Praying God's Desires

Prayer is essential to the life of a believer. It should be the foundation of everything you do as a leader in the ministry. You should learn from those who trained you, you may observe new trends among other ministers or churches, and you will probably come up with some ideas of your own to apply to your church or ministry. All of those sources may inspire you, but you should never make any move without covering it in prayer.
Different Meanings of the word, “Prayer”
Most people associate the word “prayer” with asking something of God. That is certainly one of the Biblical meanings of the word, but there are others as well. It can mean worship; it may mean declaration. Regardless of the topic, you should never interpret or teach on a verse out of the Bible without understanding the context. I learned in Bible school, thirty-eight years ago, to read at least two verses before and two verses after. I prefer to read the entire chapter to assure that I get the correct context of scriptures before I teach them. When discussing prayer, it’s important to know whether the Scripture is referring to supplication (asking) or declaration.
A Key to Praying the Prayer of Faith
A key to the prayer of faith is the Lordship of Jesus in your life. When you declare, “Jesus is Lord,” you are saying, “Jesus is the Supreme Authority in my life.” Your success in praying the prayer of faith hinges on the authority of Jesus in your life.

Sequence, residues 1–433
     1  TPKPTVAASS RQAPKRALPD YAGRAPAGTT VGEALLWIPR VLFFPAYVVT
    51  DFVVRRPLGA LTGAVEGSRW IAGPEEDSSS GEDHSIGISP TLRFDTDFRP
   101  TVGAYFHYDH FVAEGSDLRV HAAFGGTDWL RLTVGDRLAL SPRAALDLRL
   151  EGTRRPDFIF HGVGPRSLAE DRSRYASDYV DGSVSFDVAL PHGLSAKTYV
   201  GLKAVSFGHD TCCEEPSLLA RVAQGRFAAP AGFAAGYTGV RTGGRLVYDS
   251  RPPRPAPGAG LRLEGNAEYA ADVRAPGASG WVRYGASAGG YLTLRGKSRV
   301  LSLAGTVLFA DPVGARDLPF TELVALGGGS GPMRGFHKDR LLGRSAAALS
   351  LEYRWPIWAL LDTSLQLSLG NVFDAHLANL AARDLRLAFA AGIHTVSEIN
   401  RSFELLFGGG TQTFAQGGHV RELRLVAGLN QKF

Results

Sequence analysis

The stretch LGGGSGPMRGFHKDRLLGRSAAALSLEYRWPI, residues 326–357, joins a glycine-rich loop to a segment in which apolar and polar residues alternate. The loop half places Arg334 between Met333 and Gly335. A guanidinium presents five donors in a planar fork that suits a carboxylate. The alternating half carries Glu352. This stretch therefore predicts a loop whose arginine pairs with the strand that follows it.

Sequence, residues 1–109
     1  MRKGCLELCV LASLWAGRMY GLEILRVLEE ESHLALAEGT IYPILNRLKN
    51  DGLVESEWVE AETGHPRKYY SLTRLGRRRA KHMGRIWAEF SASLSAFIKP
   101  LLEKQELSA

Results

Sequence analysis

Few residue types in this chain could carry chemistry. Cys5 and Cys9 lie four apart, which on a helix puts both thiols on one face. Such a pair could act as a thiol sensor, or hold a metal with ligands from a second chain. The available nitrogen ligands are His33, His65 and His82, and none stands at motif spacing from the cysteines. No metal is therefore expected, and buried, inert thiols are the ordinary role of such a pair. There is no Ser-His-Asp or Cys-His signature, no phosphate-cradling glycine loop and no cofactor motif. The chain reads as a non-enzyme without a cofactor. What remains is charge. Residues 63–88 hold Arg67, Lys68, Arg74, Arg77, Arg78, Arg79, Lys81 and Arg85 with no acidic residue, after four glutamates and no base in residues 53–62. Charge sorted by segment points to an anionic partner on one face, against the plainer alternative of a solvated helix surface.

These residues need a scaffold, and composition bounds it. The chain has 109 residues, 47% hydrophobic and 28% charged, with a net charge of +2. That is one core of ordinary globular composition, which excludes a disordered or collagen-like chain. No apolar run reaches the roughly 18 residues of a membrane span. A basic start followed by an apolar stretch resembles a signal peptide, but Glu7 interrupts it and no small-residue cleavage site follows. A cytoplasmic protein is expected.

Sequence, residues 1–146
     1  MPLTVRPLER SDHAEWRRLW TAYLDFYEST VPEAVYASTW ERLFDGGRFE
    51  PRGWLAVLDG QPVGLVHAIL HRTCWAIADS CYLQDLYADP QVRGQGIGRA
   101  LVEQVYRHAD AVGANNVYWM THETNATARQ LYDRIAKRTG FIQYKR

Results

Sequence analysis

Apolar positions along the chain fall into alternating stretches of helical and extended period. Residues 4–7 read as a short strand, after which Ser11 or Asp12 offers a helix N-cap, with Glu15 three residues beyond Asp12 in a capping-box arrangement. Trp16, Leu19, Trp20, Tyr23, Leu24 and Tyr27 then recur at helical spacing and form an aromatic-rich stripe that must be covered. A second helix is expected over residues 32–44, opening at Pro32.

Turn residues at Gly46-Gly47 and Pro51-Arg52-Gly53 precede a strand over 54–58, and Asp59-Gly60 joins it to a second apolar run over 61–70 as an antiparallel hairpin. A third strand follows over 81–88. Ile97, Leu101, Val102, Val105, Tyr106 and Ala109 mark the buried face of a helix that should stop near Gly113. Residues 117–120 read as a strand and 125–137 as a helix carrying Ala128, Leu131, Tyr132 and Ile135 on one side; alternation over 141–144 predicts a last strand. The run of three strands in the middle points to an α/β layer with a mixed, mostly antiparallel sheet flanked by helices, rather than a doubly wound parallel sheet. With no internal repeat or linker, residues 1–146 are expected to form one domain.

The prayer of faith is found in Mark 11:22-24: And Jesus answering saith unto them, Have faith in God. For verily I say unto you, That whosoever shall say unto this mountain, Be thou removed, and be thou cast into the sea; and shall not doubt in his heart, but shall believe that those things which he saith shall come to pass; he shall have whatsoever he saith. Therefore I say unto you, What things soever ye desire, when ye pray, believe that ye receive them, and ye shall have them.
              People often get led off track by the word, “desire” in Mark 11:24. Does that mean you can ask for anything at all, and it will happen? The context of Mark 11 is Jesus teaching His disciples how He cursed the fig tree. Did Jesus do whatever He wanted when He walked the earth? Did He curse the fig tree on His own volition? The answer is found in several verses in the Gospel of John.
But I have greater witness than that of John: for the works which the Father hath given me to finish, the same works that I do, bear witness of me, that the Father hath sent me. (John 5:36)
Jesus answered them, I told you, and ye believed not: the works that I do in my Father's name, they bear witness of me. (John 10:25)
Believest thou not that I am in the Father, and the Father in me? the words that I speak unto you I speak not of myself: but the Father that dwelleth in me, he doeth the works. (John 14:10)
The verses above indicate that Jesus did and spoke only what the Father told him. The Father controlled Jesus’ speech and actions, and Jesus willingly submitted to Him. Jesus spoke to the fig tree because the Father told Him to do so. When you pray, do you pray for your desires or the Lord’s?
How to do Greater Works
When Jesus is truly the One in authority in your life, you won’t pray selfishly. Your desires will be Jesus’ desires, and when you pray about those, you can be one hundred percent confident that they will come to pass!